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Porn and pirates hide Android's money maker

Google's invisible hand slapped

Application security programs and practises

Android might be eating up smartphone market share, but Google's marketplace is leaving developers disgruntled.

Nearly half aren't making the money they'd imagined they'd make off of Android, and the lack of decent search, filtering, and ratings have been blamed.

Also: Google's laissez faire approach to gate keeping means the quality stuff's hidden by porn and inferior apps, while a lack of enforcement is allowing publishers' software to get ripped off by pirates.

And, oh, one more thing: pricing - Google needs to set minimum pricing, as developers say Android phone customers are paying less than iPhone customers purchasing from Apple's App Store.

These are the latest findings from consultant Open-First's latest stock-take on mobile application marketplaces - Open-First's inaugural survey tackled Nokia's Ovi in July. Open-First, whose survey is expected this week, polled 118 Android publishers, combining statistical research with phone interviews.

The consultant found 49 per cent of publishers earning less than they'd expected from the Android Market. Twenty seven per cent are making more and 24 per cent about what they'd expected.

Those unhappy with their income blamed Google's absence of quality controls and promotional support.

While about 75 per cent were happy with the speed with which applications are processed for publication to the market, that ease came back to bite Google: around 40 per cent were either unhappy or "neutral" about the level of strictness that accompanies speed.

Among the steps Google could take would be to better filter and help promote apps, improve the search and ratings system, improve payment options by permitting local currency and allowing in-application purchases, enforcement of patents and copyright and setting a minimum price for applications.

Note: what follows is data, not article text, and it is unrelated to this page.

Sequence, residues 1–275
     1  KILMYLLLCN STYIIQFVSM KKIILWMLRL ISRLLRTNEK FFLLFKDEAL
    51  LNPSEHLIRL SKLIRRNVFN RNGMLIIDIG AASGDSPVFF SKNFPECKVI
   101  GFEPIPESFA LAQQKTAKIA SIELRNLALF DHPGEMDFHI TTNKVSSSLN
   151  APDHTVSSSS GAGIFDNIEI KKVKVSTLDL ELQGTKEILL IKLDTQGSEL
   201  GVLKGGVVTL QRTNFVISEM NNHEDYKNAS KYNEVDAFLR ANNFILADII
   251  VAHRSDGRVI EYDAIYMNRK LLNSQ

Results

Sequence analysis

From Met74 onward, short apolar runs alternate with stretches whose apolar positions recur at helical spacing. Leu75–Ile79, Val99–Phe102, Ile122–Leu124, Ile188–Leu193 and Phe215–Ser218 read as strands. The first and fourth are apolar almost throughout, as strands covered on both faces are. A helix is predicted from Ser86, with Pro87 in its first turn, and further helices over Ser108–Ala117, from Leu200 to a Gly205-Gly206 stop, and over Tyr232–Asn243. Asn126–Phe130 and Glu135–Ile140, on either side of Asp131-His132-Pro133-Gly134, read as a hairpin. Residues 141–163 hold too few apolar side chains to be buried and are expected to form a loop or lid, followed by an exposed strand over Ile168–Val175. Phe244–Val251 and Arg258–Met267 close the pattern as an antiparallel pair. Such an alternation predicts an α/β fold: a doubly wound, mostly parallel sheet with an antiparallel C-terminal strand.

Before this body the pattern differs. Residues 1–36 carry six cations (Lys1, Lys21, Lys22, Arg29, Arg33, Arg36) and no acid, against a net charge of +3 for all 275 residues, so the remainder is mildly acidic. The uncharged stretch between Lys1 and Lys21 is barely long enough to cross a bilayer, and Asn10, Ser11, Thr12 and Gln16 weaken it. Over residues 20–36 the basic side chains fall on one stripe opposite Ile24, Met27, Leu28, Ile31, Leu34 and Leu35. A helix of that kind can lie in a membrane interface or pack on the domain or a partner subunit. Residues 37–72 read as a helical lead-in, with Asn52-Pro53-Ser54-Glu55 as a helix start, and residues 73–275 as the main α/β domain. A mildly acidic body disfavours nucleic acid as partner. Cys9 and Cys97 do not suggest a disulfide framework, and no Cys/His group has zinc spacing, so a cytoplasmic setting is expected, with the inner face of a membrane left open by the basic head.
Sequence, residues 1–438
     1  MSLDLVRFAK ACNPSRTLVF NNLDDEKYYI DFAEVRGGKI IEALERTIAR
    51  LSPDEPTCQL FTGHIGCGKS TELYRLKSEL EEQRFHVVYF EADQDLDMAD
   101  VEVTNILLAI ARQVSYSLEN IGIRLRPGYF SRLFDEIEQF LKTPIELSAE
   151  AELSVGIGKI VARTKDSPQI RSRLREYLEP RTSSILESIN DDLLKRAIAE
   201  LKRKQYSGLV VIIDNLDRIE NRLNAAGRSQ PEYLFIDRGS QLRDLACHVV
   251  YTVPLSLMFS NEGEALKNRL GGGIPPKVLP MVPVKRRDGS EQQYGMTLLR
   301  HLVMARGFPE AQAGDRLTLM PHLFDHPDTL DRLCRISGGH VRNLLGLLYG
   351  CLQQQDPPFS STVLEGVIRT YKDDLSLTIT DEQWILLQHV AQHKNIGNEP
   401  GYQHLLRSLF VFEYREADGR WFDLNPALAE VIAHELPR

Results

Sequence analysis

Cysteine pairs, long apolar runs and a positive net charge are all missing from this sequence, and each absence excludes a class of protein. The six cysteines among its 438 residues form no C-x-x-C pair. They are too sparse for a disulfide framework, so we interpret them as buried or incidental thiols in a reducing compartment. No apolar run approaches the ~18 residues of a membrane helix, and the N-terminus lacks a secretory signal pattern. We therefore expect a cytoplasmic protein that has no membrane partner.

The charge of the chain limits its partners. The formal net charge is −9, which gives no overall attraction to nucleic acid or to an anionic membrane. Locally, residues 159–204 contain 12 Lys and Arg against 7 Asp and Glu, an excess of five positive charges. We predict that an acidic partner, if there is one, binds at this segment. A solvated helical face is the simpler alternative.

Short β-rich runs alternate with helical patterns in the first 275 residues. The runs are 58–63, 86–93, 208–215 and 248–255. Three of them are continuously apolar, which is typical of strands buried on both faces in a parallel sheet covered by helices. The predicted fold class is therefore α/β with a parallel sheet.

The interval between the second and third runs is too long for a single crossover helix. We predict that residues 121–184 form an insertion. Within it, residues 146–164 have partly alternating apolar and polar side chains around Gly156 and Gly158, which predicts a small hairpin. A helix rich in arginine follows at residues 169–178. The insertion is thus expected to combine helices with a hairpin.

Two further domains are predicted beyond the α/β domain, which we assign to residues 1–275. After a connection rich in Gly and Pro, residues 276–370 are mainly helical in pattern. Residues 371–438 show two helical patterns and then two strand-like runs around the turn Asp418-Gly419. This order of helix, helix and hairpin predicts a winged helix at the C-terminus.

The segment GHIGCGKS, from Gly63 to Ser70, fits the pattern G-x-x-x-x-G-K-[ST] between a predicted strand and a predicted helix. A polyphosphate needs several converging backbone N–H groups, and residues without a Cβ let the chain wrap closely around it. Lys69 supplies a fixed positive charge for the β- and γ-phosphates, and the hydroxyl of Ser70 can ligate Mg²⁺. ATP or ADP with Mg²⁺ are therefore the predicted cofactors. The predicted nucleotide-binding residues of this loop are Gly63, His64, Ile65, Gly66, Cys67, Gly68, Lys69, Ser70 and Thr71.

Another source or irritation is lack of support from Google for either application publishers or their customers. Forty five percent were very, somewhat or just plain dissatisfied with the level of support they received, saying it's impossible to communicate with somebody at Google about application development or other issues with the market place.

Support for users rated worse: 54 per cent of developers are very, somewhat or just simply dissatisfied, with nearly half saying a fifth of the queries they received from customers related to Google's market itself.

Those questions cover requests for help because applications haven't downloaded, credit card verification problems, refund requests, problems with Google Checkout, and questions about when the market would become available in different countries.

If any of the feature requests sounds a little familiar, they should. Of all the app stores out there, the only one that beat the Android Market among those who's developed for multiple systems was Apple.

Around half said the App Store was better than Android's Market. Blackberry App World, Windows Mobile Marketplace, Palm App Catalogue and Ovi all rated worse among devs who expressed an opinion.

This data point also reveals another interesting fact: a high number of Android developers also building for the iPhone or iPad.

Android is at least faring better than Ovi. According to July's survey of 100 Ovi Store developers, Open-First found 80 per cent are making less money that they'd initially expected - just 5.3 per cent are making more while 14 per cent are making they'd expected. Lack of digital rights management that's encouraging piracy of software and a general lack of visitors to the Ovi store were blamed along with - again - poor search, promotion, and categorization of applications.

Support was slightly better: just 37 per cent were unhappy with the support from Nokia, although there were frequently complaints over slow email responses from the cell-phone giant.

Open-First's next poll tackles the App Store, so we'll see just how green Apple's grass really is. ®

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